Our thanks to Andrew Ferguson for his 2014 piece recounting the story of Edward Larkin, who among ot...
5 days ago - 11 Likes
At a time when we are all thinking happy thoughts, I do believe it is time to review a few poignant statistics. In a year when the National Rugby League (NRL) was embroiled indirectly in a rape case, saw a player retire due to cocaine abuse and involved in the middle of much publicity due to crowd violence, the organization still managed to set records in terms of overall attendance and TV ratings.
Is any publicity good publicity? I say no.
Were families turned off by off-field indiscretions in 2004? Most definitely.
Would league be much better off without it? For sure.
Fact is, most involved in the NRL have become immune to stories such as those seen in 2004. However, if we could somehow weed out these indiscretions, one can only imagine the brightness that is on offer for 2005 and beyond.
As a consequence, one must ask the question, why does the NRL appear to permanently have a gun aimed at their collective feet? As much as it pains me to say, many a horror novel could be written about our sport. One could even dare to ask, has ANY other sport in the world been through as much shenanigans in the past ten years as the NRL has? Once again, I say no. It reads like a who?s who of stupidity?How could we ever forget the following classic moments?
- Poo in the shoe in Dubbo. - Hoppa fingers in the bottom. - Casino Urination. - A two year war that ended up in the highest court in Australia. - A riot at a game and other crowd violence that would make Millwall (violent 1st division English soccer team) games seem tame. - Terry Lamb kicking a field goal when the Dogs were two behind (memoriesssss).
Reality is that the NRL is a magnet. A magnet for all that is uncouth and undesirable. To be frank and honest, as I look at the above, I cannot help but laugh. The game has quite simply provided an avenue for some of the stupidest and drunkest people in Australia to show what they?ve got. And to be fair, they sure provide the game with some interesting topics to discuss.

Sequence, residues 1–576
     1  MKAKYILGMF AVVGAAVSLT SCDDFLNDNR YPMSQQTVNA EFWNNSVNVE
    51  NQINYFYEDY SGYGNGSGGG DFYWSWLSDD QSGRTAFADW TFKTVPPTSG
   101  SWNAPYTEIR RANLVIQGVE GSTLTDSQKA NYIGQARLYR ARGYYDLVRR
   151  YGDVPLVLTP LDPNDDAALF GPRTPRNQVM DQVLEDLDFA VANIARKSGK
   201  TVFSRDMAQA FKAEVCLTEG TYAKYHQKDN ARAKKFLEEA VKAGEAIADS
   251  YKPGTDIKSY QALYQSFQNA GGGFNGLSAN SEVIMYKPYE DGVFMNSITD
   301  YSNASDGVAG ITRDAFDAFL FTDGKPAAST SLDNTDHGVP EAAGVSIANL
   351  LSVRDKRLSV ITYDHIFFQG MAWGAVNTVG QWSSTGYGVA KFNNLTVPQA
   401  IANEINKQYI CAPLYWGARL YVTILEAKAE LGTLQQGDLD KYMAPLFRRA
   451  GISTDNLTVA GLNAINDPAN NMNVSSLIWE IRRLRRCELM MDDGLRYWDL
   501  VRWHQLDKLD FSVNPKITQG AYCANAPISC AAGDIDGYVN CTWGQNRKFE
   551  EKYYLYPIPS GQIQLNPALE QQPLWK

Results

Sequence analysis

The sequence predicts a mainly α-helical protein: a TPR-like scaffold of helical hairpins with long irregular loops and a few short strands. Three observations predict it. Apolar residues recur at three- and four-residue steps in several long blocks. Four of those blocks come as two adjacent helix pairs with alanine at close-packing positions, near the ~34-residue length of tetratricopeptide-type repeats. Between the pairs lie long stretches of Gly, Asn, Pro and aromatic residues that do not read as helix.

However, to address the question, I believe it has much to do with the working class history of the great game. Rugby League was a game always played by the lower classes, those who struggled to get by but lived for the footy game on the weekend. Many rugby league players come from the gutter. And whilst that is a testament to our game and how it is able to turn around so many seemingly ?lost souls?, it also attracts those who never seem to quite learn. Everyone is entitled to err; a faultless soul is a rare thing in these modern times. However, multiple errs is where the rugby league player excels.
Who could forget Hoppa; he has literally done it all. Julian O?Neill has shown the world his exhibitionist qualities with the classic poo in the shoe and the slash whilst on the lash in the casino. Others such as Mundine and Andrew Walker are/were walking headlines.
And whilst rugby league will continue to churn out the Sonny Bill?s and Benji?s, the code will also continue to produce an amazing amount of drama. Some good, some bad. For mine, it is a true reflection of the larrikin nature of the game. I completely understand the damage that these incidents cause the great game. To make light of some of the above indiscretions is quite simply, wrong. However, league seems to be trapped in an inescapable circle of woe. The so called larrikin nature of the game is a double edged sword (apologies for the clich?). It is both the thing that draws so many of us and makes us cringe at the same time.
Intense media scrutiny of the modern day game is also to blame for much of the controversy. Who knows what Dally Messenger got up to in 1911? Perhaps old Dally used to take a liking to running down George Street in the nuddy in his spare hours. We?ll never know.
The world was a different place in those times. Pure and simple.
So next time you see a controversy in our great game, don?t get too down about it. It?s nothing new. Regrettable, but nothing that we haven?t seen before.
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